Military vets shut down foreign-run shops in Durban city centre
'We want only South Africans to trade here,' MKMVA KwaZulu-Natal's Zibuse Cele says
Foreign-owned businesses operating in and around Durban's The Workshop shopping centre were forced to close on Monday after members of the Umkhonto we Sizwe Military Veterans Association (MKMVA) shut them down.
MKMVA KwaZulu-Natal's Zibuse Cele told SowetanLIVE's sister publication TimesLIVE that they wanted only South Africans to occupy the busy and lucrative space.
“We are here to remove foreigners who sell merchandise that does not bring value to this country. We want only South Africans to trade here. People who will sell traditional pieces like ubuhlalu [beads] things of Zulu heritage, because we do not want people to forget their customs,” he said.
The MKMVA has previously called for the building of refugee camps for foreigners until “all illegal immigrants are deported back to their countries”.
During previous marches and protests, the veterans had struck an alliance with unemployed graduates, truck drivers, hawkers and saloon workers — and these groups also joined them in “taking back” Durban on Monday.
After two marches to the ANC KZN provincial office, ANC secretary-general Ace Magashule and MKMVA president Kebby Maphatsoe met representatives from the various groupings and the ANC in an attempt to find solutions to their grievances.
However, the intervention does not seem to have yielded the desired results.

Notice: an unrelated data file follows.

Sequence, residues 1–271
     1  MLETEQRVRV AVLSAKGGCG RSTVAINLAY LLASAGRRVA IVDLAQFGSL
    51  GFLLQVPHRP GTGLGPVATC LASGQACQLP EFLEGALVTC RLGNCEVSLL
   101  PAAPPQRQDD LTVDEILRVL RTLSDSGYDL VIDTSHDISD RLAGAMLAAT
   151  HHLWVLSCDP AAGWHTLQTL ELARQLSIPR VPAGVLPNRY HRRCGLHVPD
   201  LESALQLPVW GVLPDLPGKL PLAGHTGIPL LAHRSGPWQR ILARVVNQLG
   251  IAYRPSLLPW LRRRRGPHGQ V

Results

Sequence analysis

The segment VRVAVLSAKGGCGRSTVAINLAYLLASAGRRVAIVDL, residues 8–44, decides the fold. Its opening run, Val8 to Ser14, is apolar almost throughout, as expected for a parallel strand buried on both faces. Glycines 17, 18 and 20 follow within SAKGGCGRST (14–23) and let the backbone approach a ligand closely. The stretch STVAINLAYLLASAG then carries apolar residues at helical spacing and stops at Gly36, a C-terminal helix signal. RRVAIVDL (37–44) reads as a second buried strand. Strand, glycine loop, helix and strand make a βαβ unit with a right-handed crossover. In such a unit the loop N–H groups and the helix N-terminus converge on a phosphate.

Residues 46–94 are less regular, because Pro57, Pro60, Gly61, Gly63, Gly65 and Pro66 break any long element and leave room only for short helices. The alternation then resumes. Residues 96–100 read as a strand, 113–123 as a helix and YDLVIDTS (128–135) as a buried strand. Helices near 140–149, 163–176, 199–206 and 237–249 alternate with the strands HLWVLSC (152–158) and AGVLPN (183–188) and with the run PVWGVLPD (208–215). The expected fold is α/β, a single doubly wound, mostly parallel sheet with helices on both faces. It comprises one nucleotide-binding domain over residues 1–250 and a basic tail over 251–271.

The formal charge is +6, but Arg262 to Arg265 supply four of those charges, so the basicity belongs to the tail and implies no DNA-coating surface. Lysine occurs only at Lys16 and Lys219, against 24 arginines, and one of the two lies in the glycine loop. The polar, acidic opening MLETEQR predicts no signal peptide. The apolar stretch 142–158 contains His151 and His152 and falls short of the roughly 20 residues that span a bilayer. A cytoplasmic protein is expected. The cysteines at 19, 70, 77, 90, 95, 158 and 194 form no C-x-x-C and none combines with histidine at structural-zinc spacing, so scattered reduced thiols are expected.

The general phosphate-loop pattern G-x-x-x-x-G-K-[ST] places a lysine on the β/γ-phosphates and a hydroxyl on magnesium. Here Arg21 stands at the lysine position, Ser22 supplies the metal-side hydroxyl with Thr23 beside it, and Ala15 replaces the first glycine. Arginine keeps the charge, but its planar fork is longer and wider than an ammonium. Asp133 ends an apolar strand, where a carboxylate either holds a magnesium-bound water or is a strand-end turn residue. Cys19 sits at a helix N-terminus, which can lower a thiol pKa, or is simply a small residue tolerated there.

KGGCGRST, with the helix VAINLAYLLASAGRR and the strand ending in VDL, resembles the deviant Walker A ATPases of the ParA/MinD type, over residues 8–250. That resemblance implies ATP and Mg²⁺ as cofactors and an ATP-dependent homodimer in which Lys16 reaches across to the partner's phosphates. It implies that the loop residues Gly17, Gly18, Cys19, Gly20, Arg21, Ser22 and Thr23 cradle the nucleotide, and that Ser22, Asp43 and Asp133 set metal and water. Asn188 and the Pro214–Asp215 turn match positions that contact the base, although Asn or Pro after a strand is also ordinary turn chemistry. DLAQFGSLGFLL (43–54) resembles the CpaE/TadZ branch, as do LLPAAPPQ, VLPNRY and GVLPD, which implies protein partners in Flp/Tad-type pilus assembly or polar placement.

“We waited for them for too long. The SG left and promised to come back quickly. This is not a decision made based on the meeting we held with the president and SG, but rather a sign that we are tired of being told to wait while our concerns are not being addressed,” Cele explained.
He said other countries made it law that foreigners cannot be employed ahead of locals for jobs that do not require scarce skills, such as truck driving.
“SA has prioritised foreigners over locals while the people struggle, and that does not sit well with us.”
He said the veterans were also concerned with how the government has “allowed” foreigners to “scam South Africans off their hard-earned money” using the prosperity gospel and posing as pastors.
“They also use these churches to molest our children, their presence here has led to many social ills. They don’t pay tax, unlike South Africans, yet their businesses are all over this city,” he added.
Cele said the MKMVA would hold a meeting on Monday night to forge a way forward but he did not rule out the possibility of MKVA's “activities occurring throughout the rest of the city”.